The Ultimate Guide To Zucchini
Summer is right around the corner, so naturally, this month’s Produce Spotlight will showcase a warm-weather favorite: Zucchini! Read on for tips to grow zucchini in your garden, answer frequently asked questions, share our best recipes, and more.
Table of contents
- Origin and Growing Information
- Nutrition Information
- Cooking Information
Origin and Growing Information
The species cucurbita pepo, better known as zucchini or courgette. These plants are primarily grown for the consumption of it’s immature seeds – what we recognize as a zucchini, however, the flowers and leaves are edible as well.
Zucchini is actually a fruit since it develops from the ovaries of a flowering plant. It is native to Central America and Mexico, and is commonly grown in the US during warmer months.
- The plants prefer warm weather, typically hardiness zones 3-9. Look at this USDA map to determine your region’s zone.
- Soil must remain over 55 °F
- Plant’s prefer full sun with soil that will remain moist, but not waterlogged
- In order to grow, plants need 36 inches of space between them
- Sow 1-2 seeds directly into the soil, about 1 inch deep
- 1-2 deep waterings are better than multiple light waterings. A good rule of thumb is 1-2 times per week, and more if the climate is hot and dry.
Plants grow quickly. After flowering, they will be ready to harvest in just 4-8 days. It is important to not wait too long, or else the squash will overmature and take up the plants energy which could be used to produce more fruit.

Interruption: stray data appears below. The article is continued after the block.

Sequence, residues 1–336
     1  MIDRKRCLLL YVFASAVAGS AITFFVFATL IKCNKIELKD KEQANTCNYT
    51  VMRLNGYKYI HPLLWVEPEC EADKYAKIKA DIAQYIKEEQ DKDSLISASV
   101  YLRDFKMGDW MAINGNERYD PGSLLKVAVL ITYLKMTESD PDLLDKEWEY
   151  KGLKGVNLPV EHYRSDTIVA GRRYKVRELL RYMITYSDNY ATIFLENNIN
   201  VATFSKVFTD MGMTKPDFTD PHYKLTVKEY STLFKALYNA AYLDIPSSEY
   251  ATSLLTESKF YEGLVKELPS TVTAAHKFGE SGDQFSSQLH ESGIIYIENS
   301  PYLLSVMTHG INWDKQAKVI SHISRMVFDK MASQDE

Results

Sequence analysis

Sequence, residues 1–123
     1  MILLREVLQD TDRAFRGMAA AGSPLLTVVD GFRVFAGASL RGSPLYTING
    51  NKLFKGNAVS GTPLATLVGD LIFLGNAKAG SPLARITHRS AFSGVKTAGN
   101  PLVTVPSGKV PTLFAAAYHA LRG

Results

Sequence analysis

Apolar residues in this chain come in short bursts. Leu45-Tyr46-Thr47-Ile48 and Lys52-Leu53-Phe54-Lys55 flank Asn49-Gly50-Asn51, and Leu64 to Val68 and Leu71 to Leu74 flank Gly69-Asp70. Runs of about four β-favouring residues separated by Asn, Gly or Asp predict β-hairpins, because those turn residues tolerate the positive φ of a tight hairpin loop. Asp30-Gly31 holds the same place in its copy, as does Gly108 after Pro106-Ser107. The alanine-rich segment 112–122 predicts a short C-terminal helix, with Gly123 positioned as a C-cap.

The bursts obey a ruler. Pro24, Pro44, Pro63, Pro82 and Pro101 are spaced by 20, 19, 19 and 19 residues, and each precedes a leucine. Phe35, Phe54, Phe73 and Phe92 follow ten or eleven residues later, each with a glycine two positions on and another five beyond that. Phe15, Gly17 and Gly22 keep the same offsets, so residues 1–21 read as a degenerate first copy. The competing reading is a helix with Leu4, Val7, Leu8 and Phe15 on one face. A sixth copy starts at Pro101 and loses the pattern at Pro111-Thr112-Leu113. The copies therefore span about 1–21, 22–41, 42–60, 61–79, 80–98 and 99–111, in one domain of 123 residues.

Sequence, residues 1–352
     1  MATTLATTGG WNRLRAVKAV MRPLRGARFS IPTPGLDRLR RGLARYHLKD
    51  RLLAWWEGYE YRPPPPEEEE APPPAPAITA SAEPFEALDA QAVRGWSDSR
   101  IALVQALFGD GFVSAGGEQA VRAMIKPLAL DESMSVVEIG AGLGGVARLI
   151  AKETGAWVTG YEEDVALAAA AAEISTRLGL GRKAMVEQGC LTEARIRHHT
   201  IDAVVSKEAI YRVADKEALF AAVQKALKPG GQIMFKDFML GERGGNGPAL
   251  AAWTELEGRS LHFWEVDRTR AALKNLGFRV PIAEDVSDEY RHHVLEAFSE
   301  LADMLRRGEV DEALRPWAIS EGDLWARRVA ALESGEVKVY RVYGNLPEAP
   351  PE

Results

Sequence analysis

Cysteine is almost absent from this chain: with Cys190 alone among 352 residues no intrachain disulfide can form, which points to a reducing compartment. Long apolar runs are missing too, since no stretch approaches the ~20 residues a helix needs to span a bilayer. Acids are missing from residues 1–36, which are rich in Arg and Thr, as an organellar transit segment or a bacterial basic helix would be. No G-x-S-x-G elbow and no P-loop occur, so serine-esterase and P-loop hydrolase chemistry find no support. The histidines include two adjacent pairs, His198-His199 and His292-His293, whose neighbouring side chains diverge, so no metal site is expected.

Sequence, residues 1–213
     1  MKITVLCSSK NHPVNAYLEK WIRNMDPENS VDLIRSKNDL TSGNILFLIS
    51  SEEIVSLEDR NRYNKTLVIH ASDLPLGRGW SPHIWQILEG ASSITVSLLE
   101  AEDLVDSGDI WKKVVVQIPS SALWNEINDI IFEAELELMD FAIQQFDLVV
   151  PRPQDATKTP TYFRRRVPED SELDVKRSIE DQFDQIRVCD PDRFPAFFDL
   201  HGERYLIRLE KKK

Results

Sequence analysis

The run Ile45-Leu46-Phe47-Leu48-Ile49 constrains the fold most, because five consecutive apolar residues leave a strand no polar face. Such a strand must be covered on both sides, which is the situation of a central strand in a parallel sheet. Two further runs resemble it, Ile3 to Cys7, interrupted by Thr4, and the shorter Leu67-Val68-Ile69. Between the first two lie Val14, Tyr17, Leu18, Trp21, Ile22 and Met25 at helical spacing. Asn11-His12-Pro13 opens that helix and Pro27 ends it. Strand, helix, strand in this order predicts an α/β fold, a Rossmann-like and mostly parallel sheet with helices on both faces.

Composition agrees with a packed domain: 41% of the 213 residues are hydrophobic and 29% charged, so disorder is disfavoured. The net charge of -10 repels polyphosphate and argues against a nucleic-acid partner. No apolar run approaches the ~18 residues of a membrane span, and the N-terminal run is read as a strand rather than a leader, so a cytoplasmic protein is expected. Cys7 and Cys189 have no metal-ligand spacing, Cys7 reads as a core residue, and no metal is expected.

Using a knife or shears, carefully harvest the fruits. You can also twist them off if small enough but be sure to wear gloves!
Types of Zucchini
Both open-pollinated and hybrid varieties of zucchinis are grown. The farmers at High Mowing Seeds shared insight on the topic.
Open-pollinated plants, when isolated, remain true to type. These seeds can be easily preserved for seasons to continuously produce the same crop. Hybrids are created by “modern plant breeding.” It is the cross-pollination of different varieties.
Open Pollinated Varieties
- Black Beauty: 7-8” glossy green plants, 110 days
- Cocozelle: 8-10” green plants with dark green streaks, 50 days
- Fordhook: 6-8” spotted green plants, 57 days
- Raven: 6-8” deep green, 48 days
- Gourmet Gold: 6-8”, bright yellow, 55 days
- Summer Green Tiger: 8” light green with bold dark green stripes, 55-60 days
Discover an extensive list of varieties and characteristics at Grow It Organically.
- The fruits are rich in Vitamin C.
- 1 medium zucchini has only 33 calories, based on USDA nutrition data
- They have antioxidants, including lutein and zeaxanthin
- They are full of fiber
- They are a good source of Potassium
Raw vs. Cooked
Zucchini is safe to eat raw or cooked. Like other squashes is also more nutritious when cooked. Cooking will, however, soften the texture which some people prefer. Try this simple 12 minute Sauteed Zucchini Recipe!